More Than Just a Breath
There’s this really great TV show…you may have heard of it…This Is Us. It’s such a great show! Like millions across the country, I love the families, the struggles the characters face, and the writing and moral story of the episodes are so rich. It is a fantastic substitute for Parenthood as viewers move from the Braverman family in Parenthood to the Pearson family in This Is Us. What makes both shows relatable is that both shows understand family dynamics, the various issues almost all families deal with and the power of connection. Tiny spoilers for This Is Us in the next sentences, so skip to the next paragraph if you haven’t seen the episode. In the episode “Memphis” Randall helps his biological father, William, calm down as he faces the anxieties of his impending death. Randall holds William’s face and they take deep breaths together. Earlier in the episode there was a flashback to Randall’s childhood when his adoptive father, Jack, showed Randall the same strategy when he had an anxiety attack. It was a powerful scene to see, the now adult Randall remembering Jack’s help and in turn helping William in the same way.
Technically speaking the strategy used in this scene, breathing together, is called co-regulation.
The concept of co-regulation is such a neglected piece of the parent-child relationship and can cause frustration for the family. When children lose their tempers or are in need of discipline or boundaries, parents commonly ask or demand their children to go to their rooms and be in some form of timeout. The child can become more upset, stomp off or cry in obedience, or some willfully go without much resistance. Some children struggle with honoring parent requests and parents are left wondering why their child doesn’t go do what was asked like they did when they were kids. There are times for when children need to be on their own and should eventually because they need to have that skill on their own, but this frequent battleground can be resolved when your children aren’t quite ready for this in another way than the power struggle between the two of you. Co-regulation is the concept that both the caregiver and child are engaged together, attuned to each other and regulate together.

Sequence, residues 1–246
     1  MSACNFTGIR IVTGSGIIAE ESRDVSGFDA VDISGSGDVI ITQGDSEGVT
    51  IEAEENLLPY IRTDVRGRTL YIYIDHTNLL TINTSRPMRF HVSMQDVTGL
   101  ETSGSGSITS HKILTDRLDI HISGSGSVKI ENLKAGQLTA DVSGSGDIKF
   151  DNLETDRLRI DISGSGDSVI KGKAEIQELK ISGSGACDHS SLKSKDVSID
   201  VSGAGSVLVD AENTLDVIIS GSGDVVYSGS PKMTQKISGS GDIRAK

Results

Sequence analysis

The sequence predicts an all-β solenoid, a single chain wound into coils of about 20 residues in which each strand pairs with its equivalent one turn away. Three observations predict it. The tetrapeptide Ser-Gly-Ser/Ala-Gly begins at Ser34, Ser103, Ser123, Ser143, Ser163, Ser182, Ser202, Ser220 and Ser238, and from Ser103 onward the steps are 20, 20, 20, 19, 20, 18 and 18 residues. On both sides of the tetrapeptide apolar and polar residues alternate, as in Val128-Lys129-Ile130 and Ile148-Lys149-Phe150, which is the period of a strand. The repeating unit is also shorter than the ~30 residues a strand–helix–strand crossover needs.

There are various ways to co-regulate with your child. You can go through various mindfulness and breathing techniques to calm the body down and build awareness. They may need to discharge some energy, so going for a walk or run around the block, pushups, or sports play can get the jitters out. Sharing what you’re feeling in your body and the emotions associated with them help teach your children what to be aiming for in their own participation and link the benefits. Discussing what normal levels feel like so your child knows when they’re done regulating helps put closure to the co-regulation piece. This will allow you to move towards addressing your next parenting needs.
Co-regulation accomplishes a lot in the short term. When kids get sent to their room, they might not necessarily know what they’re supposed to do with that time and space. They might not know how important it is to take deep breaths, to rethink, process through accountability, apologize, and repair. Co-regulation allows you to teach kids these important skills so they can do it on their own as they get more confident and older. Co-regulation can shorten the time that a child recovers from a meltdown, and allows you a chance to do the same. It allows your child to reset and be more receptive to your parenting or coaching afterward, and more open to a re-do. It allows them better head-space to process and come up with better solutions for next time. It’s important to link the positive emotions that resulted from calming down together. These help lessen the devastation of rejection and self-blame children can put on themselves and not feel so alone in it.
In the long term, co-regulation enriches the parent-child relationship well into their adult years. Co-regulation is very important to preventing resentment from building up from your children, and the relationship being impacted later. It can help enrich the adult parent-child relationship with nurturing, affection and depth of disclosure. It teaches your kids that even though they’re in trouble and have to learn through the consequences, they can recover from adult consequences like their childhood ones. This can also yield similar benefit as they navigate their adolescence. It teaches them that you will be there through the good times and rough. It teaches them that you are doing your best to teach them skills necessary to thrive in life. As you wean them off co-regulation and they learn to self-regulate, it teaches them that one day you won’t be around and you have full confidence that they thrive in the world. But by co-regulating you’ve also taught them the importance of reaching out to people and processing through life hardships with others than alone.
Co-regulation is a powerful bonding tool between a child and parent that serves immediate and future benefits. It teaches them more than learning how to calm down or manage their emotions. It adds to enriching future dynamics between you and your child as they get older, and can benefit them as their engage with the world on their own. Like This Is Us showed, it can go beyond just taking deep breaths.